where clauses are applied at the row level, literally a "should this row be included in the result set". At the time that decision is being made, it's impossible for the
count() function to have finished its work, as not all rows have been counted yet.
having clauses come in to play. They're exactly like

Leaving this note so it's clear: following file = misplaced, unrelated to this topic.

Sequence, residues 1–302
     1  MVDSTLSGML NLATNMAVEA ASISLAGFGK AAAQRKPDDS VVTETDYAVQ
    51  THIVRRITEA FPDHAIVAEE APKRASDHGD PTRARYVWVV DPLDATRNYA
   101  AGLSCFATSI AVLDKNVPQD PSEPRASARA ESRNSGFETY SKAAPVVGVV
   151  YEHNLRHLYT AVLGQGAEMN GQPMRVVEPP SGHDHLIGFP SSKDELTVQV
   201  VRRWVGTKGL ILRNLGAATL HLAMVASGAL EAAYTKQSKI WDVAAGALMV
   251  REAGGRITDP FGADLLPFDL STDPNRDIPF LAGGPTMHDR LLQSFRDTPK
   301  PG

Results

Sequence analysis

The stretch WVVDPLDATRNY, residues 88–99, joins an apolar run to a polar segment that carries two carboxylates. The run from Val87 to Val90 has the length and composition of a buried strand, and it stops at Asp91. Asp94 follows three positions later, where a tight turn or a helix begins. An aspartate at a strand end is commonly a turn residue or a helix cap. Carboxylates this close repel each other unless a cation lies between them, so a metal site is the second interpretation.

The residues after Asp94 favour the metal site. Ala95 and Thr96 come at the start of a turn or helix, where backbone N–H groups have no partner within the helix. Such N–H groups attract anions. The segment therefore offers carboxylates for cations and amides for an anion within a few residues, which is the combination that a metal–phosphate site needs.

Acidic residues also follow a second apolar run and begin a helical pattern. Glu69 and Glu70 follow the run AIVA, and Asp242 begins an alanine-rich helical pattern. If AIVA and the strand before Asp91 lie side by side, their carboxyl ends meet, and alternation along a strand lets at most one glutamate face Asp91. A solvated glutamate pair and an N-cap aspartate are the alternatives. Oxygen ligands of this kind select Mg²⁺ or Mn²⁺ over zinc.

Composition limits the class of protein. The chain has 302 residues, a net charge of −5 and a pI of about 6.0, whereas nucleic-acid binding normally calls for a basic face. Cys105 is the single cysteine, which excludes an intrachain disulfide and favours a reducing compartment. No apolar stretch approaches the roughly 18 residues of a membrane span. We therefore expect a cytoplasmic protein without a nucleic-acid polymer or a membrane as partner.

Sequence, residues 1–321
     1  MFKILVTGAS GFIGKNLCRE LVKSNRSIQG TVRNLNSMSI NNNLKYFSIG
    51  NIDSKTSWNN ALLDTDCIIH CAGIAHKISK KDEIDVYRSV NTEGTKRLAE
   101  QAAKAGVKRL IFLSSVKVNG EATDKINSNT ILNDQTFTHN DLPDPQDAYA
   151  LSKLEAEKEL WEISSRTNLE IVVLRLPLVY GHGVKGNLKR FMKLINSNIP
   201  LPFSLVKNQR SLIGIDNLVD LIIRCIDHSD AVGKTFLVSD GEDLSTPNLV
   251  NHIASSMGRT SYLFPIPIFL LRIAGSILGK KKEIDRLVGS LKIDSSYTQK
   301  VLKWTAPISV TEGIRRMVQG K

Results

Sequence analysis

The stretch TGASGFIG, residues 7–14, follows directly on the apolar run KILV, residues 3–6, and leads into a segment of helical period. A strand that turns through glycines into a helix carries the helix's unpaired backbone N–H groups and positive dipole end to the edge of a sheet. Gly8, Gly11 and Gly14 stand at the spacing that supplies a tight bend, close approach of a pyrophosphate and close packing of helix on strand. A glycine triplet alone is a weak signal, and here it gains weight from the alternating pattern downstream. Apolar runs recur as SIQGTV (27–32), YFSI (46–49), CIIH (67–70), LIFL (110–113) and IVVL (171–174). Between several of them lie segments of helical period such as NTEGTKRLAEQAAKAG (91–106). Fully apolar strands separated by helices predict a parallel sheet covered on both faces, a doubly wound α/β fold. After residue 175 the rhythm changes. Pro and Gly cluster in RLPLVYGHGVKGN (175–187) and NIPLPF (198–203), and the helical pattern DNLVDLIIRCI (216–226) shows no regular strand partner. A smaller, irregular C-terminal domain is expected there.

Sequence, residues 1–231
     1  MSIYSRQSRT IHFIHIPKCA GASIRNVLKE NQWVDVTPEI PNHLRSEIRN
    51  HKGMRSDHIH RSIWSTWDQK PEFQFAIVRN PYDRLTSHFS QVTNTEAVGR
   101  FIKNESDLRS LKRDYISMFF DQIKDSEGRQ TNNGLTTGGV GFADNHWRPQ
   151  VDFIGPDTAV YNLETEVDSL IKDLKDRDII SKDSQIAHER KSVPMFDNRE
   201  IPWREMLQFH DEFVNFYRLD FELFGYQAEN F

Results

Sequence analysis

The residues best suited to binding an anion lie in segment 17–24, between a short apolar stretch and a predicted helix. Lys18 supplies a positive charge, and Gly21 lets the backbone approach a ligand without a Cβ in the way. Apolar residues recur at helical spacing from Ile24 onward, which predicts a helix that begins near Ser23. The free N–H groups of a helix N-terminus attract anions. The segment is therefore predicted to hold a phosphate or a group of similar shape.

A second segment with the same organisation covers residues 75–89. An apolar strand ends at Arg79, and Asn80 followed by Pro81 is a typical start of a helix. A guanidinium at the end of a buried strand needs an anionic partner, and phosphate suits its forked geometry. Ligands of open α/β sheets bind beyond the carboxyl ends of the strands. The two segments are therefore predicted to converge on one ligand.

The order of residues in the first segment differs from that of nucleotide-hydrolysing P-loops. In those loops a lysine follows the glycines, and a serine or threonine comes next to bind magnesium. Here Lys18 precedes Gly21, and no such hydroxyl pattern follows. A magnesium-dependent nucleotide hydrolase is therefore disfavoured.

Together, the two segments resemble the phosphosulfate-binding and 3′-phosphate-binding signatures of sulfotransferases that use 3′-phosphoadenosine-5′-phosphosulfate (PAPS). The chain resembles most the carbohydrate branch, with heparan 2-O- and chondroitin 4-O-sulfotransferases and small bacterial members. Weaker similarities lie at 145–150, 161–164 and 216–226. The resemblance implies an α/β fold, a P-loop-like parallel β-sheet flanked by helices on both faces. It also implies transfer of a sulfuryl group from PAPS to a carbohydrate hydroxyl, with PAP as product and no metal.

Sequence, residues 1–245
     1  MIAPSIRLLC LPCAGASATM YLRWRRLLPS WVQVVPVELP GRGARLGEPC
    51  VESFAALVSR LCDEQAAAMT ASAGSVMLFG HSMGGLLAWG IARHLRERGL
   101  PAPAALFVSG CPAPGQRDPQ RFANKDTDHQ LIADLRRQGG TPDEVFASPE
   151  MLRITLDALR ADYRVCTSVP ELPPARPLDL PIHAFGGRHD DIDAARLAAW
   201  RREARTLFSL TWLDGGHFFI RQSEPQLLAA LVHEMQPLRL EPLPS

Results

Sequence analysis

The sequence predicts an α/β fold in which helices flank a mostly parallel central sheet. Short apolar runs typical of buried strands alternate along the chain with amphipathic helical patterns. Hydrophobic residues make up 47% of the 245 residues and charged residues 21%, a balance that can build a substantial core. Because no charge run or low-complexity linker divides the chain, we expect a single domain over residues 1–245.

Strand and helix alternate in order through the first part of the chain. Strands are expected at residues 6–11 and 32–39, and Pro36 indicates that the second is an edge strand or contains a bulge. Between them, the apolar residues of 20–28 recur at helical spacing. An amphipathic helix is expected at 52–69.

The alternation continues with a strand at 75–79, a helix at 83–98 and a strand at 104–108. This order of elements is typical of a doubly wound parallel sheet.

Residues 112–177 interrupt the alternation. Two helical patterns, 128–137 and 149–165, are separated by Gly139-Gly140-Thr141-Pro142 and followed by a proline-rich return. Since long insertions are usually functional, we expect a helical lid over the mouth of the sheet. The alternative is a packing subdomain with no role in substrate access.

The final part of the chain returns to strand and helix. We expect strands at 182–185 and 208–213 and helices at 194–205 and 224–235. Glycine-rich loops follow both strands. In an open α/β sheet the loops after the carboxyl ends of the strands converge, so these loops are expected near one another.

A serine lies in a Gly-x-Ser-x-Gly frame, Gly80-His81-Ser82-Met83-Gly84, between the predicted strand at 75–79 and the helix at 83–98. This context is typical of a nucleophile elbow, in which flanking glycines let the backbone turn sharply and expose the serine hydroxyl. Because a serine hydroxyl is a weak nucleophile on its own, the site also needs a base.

where clauses, but applied immediately before the result set gets sent to the client, after the aggregate functions have completed their work.
SELECT * FROM table HAVING somefield='a'
SELECT * FROM table WHERE somefield='a'
are identical, except the having clause will entail a bit more work on the part of the server because all the rows are fetched, THEN filtered, rather than being filtered before fetching.